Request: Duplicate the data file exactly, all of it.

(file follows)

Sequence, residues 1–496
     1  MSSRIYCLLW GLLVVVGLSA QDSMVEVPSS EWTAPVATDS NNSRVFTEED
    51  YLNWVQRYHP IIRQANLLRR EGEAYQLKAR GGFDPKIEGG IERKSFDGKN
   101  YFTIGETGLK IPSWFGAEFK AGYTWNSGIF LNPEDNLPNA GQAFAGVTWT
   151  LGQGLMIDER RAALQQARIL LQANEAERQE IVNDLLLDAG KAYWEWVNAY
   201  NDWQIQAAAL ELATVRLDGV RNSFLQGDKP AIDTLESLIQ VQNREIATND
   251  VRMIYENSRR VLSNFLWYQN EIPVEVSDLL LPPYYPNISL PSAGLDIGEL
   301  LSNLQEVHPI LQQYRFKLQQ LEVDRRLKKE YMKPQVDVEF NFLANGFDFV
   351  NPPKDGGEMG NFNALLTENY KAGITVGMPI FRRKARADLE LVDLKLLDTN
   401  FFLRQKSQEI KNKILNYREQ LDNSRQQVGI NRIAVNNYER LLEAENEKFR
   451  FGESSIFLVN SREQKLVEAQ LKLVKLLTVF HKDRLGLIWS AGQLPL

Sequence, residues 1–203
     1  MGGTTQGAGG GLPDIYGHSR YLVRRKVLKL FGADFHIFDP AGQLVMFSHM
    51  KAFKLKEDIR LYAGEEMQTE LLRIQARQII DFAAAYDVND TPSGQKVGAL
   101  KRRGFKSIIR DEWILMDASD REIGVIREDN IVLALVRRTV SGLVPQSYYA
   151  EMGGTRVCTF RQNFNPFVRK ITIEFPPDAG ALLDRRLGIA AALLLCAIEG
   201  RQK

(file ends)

Sequence, residues 1–496
     1  MSSRIYCLLW GLLVVVGLSA QDSMVEVPSS EWTAPVATDS NNSRVFTEED
    51  YLNWVQRYHP IIRQANLLRR EGEAYQLKAR GGFDPKIEGG IERKSFDGKN
   101  YFTIGETGLK IPSWFGAEFK AGYTWNSGIF LNPEDNLPNA GQAFAGVTWT
   151  LGQGLMIDER RAALQQARIL LQANEAERQE IVNDLLLDAG KAYWEWVNAY
   201  NDWQIQAAAL ELATVRLDGV RNSFLQGDKP AIDTLESLIQ VQNREIATND
   251  VRMIYENSRR VLSNFLWYQN EIPVEVSDLL LPPYYPNISL PSAGLDIGEL
   301  LSNLQEVHPI LQQYRFKLQQ LEVDRRLKKE YMKPQVDVEF NFLANGFDFV
   351  NPPKDGGEMG NFNALLTENY KAGITVGMPI FRRKARADLE LVDLKLLDTN
   401  FFLRQKSQEI KNKILNYREQ LDNSRQQVGI NRIAVNNYER LLEAENEKFR
   451  FGESSIFLVN SREQKLVEAQ LKLVKLLTVF HKDRLGLIWS AGQLPL

Sequence, residues 1–203
     1  MGGTTQGAGG GLPDIYGHSR YLVRRKVLKL FGADFHIFDP AGQLVMFSHM
    51  KAFKLKEDIR LYAGEEMQTE LLRIQARQII DFAAAYDVND TPSGQKVGAL
   101  KRRGFKSIIR DEWILMDASD REIGVIREDN IVLALVRRTV SGLVPQSYYA
   151  EMGGTRVCTF RQNFNPFVRK ITIEFPPDAG ALLDRRLGIA AALLLCAIEG
   201  RQK